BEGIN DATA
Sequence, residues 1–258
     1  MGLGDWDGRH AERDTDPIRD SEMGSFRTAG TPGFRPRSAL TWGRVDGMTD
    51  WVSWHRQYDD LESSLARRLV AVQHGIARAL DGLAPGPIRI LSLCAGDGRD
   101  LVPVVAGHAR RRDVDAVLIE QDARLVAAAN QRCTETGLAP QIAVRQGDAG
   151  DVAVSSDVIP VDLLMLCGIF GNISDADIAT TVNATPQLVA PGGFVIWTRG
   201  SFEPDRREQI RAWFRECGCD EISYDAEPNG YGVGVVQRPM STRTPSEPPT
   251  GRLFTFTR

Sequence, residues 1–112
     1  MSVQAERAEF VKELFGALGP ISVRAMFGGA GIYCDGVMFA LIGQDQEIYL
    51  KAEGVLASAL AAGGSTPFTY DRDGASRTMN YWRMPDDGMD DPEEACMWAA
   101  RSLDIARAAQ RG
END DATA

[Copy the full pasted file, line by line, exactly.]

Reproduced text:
Sequence, residues 1–258
     1  MGLGDWDGRH AERDTDPIRD SEMGSFRTAG TPGFRPRSAL TWGRVDGMTD
    51  WVSWHRQYDD LESSLARRLV AVQHGIARAL DGLAPGPIRI LSLCAGDGRD
   101  LVPVVAGHAR RRDVDAVLIE QDARLVAAAN QRCTETGLAP QIAVRQGDAG
   151  DVAVSSDVIP VDLLMLCGIF GNISDADIAT TVNATPQLVA PGGFVIWTRG
   201  SFEPDRREQI RAWFRECGCD EISYDAEPNG YGVGVVQRPM STRTPSEPPT
   251  GRLFTFTR

Sequence, residues 1–112
     1  MSVQAERAEF VKELFGALGP ISVRAMFGGA GIYCDGVMFA LIGQDQEIYL
    51  KAEGVLASAL AAGGSTPFTY DRDGASRTMN YWRMPDDGMD DPEEACMWAA
   101  RSLDIARAAQ RG